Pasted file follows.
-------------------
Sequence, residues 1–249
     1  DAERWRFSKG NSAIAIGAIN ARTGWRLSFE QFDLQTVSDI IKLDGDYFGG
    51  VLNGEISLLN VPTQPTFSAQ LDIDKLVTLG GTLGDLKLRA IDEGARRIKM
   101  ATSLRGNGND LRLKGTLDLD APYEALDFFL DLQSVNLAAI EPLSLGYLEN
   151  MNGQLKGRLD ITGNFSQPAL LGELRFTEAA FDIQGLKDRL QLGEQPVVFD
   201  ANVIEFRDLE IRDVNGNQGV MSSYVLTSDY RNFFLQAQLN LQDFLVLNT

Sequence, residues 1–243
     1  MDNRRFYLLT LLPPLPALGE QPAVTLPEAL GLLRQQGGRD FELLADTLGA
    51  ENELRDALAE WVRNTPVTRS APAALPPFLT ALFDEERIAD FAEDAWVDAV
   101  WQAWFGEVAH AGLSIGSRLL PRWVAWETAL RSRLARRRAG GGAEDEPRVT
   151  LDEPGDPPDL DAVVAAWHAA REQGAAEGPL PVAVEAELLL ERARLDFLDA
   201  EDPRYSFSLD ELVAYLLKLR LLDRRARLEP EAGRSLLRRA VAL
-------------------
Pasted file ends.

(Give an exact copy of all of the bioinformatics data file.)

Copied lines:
Sequence, residues 1–249
     1  DAERWRFSKG NSAIAIGAIN ARTGWRLSFE QFDLQTVSDI IKLDGDYFGG
    51  VLNGEISLLN VPTQPTFSAQ LDIDKLVTLG GTLGDLKLRA IDEGARRIKM
   101  ATSLRGNGND LRLKGTLDLD APYEALDFFL DLQSVNLAAI EPLSLGYLEN
   151  MNGQLKGRLD ITGNFSQPAL LGELRFTEAA FDIQGLKDRL QLGEQPVVFD
   201  ANVIEFRDLE IRDVNGNQGV MSSYVLTSDY RNFFLQAQLN LQDFLVLNT

Sequence, residues 1–243
     1  MDNRRFYLLT LLPPLPALGE QPAVTLPEAL GLLRQQGGRD FELLADTLGA
    51  ENELRDALAE WVRNTPVTRS APAALPPFLT ALFDEERIAD FAEDAWVDAV
   101  WQAWFGEVAH AGLSIGSRLL PRWVAWETAL RSRLARRRAG GGAEDEPRVT
   151  LDEPGDPPDL DAVVAAWHAA REQGAAEGPL PVAVEAELLL ERARLDFLDA
   201  EDPRYSFSLD ELVAYLLKLR LLDRRARLEP EAGRSLLRRA VAL